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10 Faces of Sonny Chiba 
Written by: on August 27th, 2004
Except Legend of 8 Samurai Reviewed By: Ron Cotton


Theatrical Release dates:
Japan 1974, 1976, 1980, 1981, 1983
Directors:
Shigehiro Ozawa, Kinji Fukasaku, Yataka Kodaira, Yutaka Kohira, Norifumi Suzuki, Kazuhiko Yamaguchi, Simon Nuchtern, Teruo Ishii,
Cast:
Sonny Chiba, Etsuko Shihomi, Masashi Ishibashi, Hiroyuki Sanada

DVD Released: June 25th, 2002
Approximate Running Time: 977 minutes
Aspect Ratio: 4.3 Pan and Scan 2.35:1 and 1.85:1
Non-Anamorphic
Rating: NR
Sound: Dolby Digital Stereo
DVD Release: Brentwood’s 10 Faces of Sonny Chiba
Region Coding: Region 0 NTSC
Retail Price: $19.99

“I thought Sonny was the good guy. – ALABAMA

“He ain’t so much good guy as he’s just a bad motherfucker. Sonny don’t be bullshittin’. He fucks dudes up for life. Hold on, a fight scene’s coming up. – CLARENCE” From True Romance

Bruce Lee would launch martial arts films into the international spotlight, Toei Co. Ltd. Like many other Studio’s in Asia would spawn a slew of Bruce Lee imitators. Toei’s answer to Bruce Lee was Shinichi “Sonny” Chiba intense fighting style and brutality hadn’t been seen before. Street fighter would be the first film to receive an ‘X’ rating for violence, instead of graphic sexual material.

In 1993 with the release of Tony Scott’s True Romance (Written By Quentin Tarantino) would spark a renewed interest in Sonny Chiba and The Street Fighter films. In True Romance Clarence and Alabama meet at a Sonny Chiba triple feature. Tarantino has gone on to use Sonny Chiba in his film Kill Bill Volume1 and Volume 2. In Kill Bill Chiba’s character Hattori Hanzô is also the name of a character Chiba played on Japanese T.V. known as Hattori Hanzô: Kage no Gundan or it’s US title Shadow Warriors. And with the Success of Kill Bill Sonny Chiba is even more popular then ever.

StreetFighter:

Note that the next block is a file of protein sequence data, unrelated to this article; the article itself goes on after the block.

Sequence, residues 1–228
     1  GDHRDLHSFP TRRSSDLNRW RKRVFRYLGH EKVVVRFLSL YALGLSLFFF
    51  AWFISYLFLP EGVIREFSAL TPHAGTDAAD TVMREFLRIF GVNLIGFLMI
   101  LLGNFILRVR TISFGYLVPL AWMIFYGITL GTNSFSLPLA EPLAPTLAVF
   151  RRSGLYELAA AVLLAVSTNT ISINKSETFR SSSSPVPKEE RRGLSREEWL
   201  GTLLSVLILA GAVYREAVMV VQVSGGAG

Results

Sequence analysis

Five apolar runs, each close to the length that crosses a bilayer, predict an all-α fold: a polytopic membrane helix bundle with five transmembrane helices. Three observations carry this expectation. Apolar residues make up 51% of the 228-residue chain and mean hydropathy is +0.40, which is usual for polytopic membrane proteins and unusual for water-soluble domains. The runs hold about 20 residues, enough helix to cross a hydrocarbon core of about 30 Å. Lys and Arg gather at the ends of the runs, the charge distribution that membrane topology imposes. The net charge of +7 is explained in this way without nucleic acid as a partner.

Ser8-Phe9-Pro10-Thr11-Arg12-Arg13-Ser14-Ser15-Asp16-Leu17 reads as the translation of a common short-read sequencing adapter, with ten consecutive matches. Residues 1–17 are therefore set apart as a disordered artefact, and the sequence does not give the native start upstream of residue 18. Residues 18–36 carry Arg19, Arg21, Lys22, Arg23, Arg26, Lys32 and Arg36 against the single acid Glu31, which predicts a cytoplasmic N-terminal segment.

Chiba plays Terry Tsurugi an assassin who has been hired to help fake the death of Junjou (Masashi Ishibashi). When Junjou’s brother and sister don’t have enough money to pay Terry that is when the trouble starts. Terry fights Junjou’s brother leads to Junjou’s siblings’ death. Terry sells Junjou’s sister into slavery for three million yen. Sarai (Yutaka Nakajima) learns of her father’s death she is now in charge of the family business and in danger from the mob who wants to take the business over. The mob tries to hire Terry but when he refuses the job they send in a group of henchmen to kill him. He quickly disposes of them as he leaves a trail of corpses. Terry is then forced to take the job to get the mob off of his back. Once in his grasp Sarai’s fate lies in the hands of the director of the karate school who Terry challenges to a fight. The first flashback of the movie occurs during this fight when the director of the karate school has almost defeated Terry. The flashback of his father gives him the strength to come back as they fight to a draw. Terry decides to join forces with the director of the karate school to protect Sarai from the mob. Junjou in order to save his sister from slavery must first kill Terry for the mob. Junjou anger boils over as he sees his sister enslaved and how Terry killed their brother. Mr. Bayan (Tatsuo Endo) sets up the capture of Sarai.